SRUC
2022 entry courses

We have some last-minute places available in Veterinary Nursing (Aberdeen and Dumfries) and Rural Animal Health (Aberdeen). Please use the Clearing form to apply. If you have any questions, please email study@sruc.ac.uk or call 0800 269 453. For 2023 entry courses, visit our Course catalogue.

Lovely Weather for Lungworm

The recent mild and wet weather with heavy rain showers has been perfect for the Dictyocaulus viviparus lifecycle.

In addition to the local, seasonal epidemiology there has been a recent paper in the Veterinary Record by McCarthy and van Dijk (2020) which looks at the long term trends in cattle lungworm diagnoses between 1975 and 2014.  This was based on VIDA recorded diagnoses made through the UK Veterinary Investigation Centres like ours.  Whilst it is acknowledged that there is under reporting in such passive surveillance data, it is recorded in a systematic way that permits the data analysis in this paper.  Interestingly for us the data shows significant increases in the proportion of case numbers in Scotland and Northern England since 2009 with Scotland recording the highest proportion of cases in the UK since then.  Although the peak month for diagnoses is always September, across the UK cases are also increasingly being diagnosed in the winter (December – February). 

If you want to read the full paper it is at the link below:  https://veterinaryrecord.bmj.com/content/vetrec/186/19/642.full.pdf

Some points to note on lungworm diagnostics are as follows:

  • Baermann examination of faeces for lungworm L1 larvae is diagnostic and is of particular use in animals meeting the infection for the first time. 
  • For animals experiencing repeat infections it is likely that the faecal Baermann test will be negative because the cow’s immune response will arrest the lifecycle within the lungs.  The pathology and disease will be there, but the larvae are not produced. 
  • Eosinophilia can be a useful diagnostic aid reflecting an immune response to parasitic infection and also the resulting hypersensitivity response.  Average Eosinophil counts in cattle with clinical disease have been reported to be 1.1 x 109 / litre with a percentage differential of 14% or more. 
  • Serology is a useful test to determine if exposure has occurred.  Antibody titres rise 4-6 weeks after infection and remain elevated for 3-4 months.  Antibody titres usually fall to negative over the winter housing period so positive results reflect exposure during the current grazing season.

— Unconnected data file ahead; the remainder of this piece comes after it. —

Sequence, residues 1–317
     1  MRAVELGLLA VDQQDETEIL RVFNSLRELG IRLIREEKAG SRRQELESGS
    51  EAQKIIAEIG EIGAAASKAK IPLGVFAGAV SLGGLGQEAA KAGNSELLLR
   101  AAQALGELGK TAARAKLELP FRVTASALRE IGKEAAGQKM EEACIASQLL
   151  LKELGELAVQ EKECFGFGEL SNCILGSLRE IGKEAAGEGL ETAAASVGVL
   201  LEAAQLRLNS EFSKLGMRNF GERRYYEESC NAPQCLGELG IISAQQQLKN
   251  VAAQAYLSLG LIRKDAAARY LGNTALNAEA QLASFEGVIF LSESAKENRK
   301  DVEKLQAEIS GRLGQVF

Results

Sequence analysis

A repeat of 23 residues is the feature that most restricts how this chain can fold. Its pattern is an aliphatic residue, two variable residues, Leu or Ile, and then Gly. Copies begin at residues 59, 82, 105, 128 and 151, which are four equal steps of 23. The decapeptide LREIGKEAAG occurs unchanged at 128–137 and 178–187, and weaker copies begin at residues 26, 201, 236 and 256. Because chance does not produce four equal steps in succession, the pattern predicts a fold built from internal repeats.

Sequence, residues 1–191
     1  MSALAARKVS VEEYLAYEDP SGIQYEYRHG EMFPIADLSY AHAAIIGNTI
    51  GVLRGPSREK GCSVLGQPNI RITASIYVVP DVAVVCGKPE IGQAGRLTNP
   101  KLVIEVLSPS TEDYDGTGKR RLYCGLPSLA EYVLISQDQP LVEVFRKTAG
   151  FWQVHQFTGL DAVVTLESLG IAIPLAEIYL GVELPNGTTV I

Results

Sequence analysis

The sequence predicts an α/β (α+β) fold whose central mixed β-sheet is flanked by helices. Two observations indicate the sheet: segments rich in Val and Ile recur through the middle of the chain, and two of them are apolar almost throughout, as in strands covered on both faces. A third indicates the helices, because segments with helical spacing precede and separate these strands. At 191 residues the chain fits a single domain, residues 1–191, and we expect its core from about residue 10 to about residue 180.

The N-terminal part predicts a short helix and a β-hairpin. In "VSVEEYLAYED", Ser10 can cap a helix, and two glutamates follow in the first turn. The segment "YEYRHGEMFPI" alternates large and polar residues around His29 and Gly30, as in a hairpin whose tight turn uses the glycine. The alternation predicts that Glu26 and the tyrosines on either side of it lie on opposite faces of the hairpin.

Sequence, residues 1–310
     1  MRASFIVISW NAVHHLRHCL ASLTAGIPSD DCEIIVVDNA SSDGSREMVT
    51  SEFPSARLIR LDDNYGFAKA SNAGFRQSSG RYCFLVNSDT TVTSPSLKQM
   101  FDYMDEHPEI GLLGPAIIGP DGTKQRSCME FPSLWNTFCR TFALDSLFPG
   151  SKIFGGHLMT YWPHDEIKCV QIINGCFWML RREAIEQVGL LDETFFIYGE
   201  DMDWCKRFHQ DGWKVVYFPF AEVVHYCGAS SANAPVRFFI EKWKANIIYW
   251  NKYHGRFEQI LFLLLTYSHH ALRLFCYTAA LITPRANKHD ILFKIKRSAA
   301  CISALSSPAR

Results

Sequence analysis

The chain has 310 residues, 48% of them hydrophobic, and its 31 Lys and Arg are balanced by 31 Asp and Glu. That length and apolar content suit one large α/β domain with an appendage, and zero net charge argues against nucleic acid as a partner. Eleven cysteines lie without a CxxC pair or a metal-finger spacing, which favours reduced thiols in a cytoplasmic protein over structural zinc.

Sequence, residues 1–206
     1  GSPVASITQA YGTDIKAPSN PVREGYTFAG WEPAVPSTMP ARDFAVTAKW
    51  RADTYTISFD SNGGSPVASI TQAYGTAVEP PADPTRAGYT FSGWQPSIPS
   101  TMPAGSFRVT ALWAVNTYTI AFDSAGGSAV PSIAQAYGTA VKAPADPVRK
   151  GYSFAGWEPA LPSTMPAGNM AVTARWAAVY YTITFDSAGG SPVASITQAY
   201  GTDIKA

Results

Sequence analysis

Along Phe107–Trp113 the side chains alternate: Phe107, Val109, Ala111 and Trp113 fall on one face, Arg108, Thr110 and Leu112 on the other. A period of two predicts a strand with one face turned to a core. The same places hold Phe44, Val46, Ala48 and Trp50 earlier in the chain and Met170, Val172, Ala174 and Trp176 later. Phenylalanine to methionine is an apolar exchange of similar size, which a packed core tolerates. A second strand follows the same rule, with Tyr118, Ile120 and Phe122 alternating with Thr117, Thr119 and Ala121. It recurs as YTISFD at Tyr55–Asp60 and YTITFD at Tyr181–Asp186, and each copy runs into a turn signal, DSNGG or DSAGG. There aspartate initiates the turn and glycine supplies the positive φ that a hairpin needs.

• If carrying out on farm PM examinations be sure to cut down into bronchi deep into the diaphragmatic lobes to be sure to rule infection out.  Emphysema is one of the common pathologies seen in severe cases. 

Some points to note about husk in general:

  • Disease is seen quite commonly in adult cattle with low levels of immunity as a result of either long acting anthelmintics used in young stock or limited  grazing in milking herds.  Beware of the dry cows or low yielders that are turned out to grass! 
  • Ensure that young bulls that may have been housed during their rearing period have sufficient anthelmintic cover.
  • Recently purchased animals can be at significant risk of husk, especially if their previous grazing history is not known.
  • Units maximising the use of grazed grass for cows and youngstock can be at particular risk if immunity is low.  The more grass you eat the more parasites you eat!  If the grass utilisation is such that cattle have to graze closer to faecal pats then the risk might increase further
  • After treatment, recovery times can be quite prolonged as a result of significant lung damage, an inability to clear dead worms from the bronchi and an associated hypersensitivity response causing coughing and dyspnoea.
  • Some severe cases will not recover at all with chronic suppurative pneumonia the end result. 
  • Be aware of the risk of low grade lungworm infections pre-disposing to the common viral and bacterial pneumonias in growing cattle as they are housed this autumn.

Each year we also have discussions with vets about possible anthelmintic resistance developing in Dictyocaulus viviparus worms.  In most situations this apparent failure of efficacy is not as a result of anthelmintic resistance (for example underdosing, or failure to clear worms from the bronchi), however if you have concerns about the possibility of a failure of efficacy or anthelmintic resistance please get in touch with us. 


Posted by Veterinary Services on 17/09/2020

Tags: lungworm
Categories: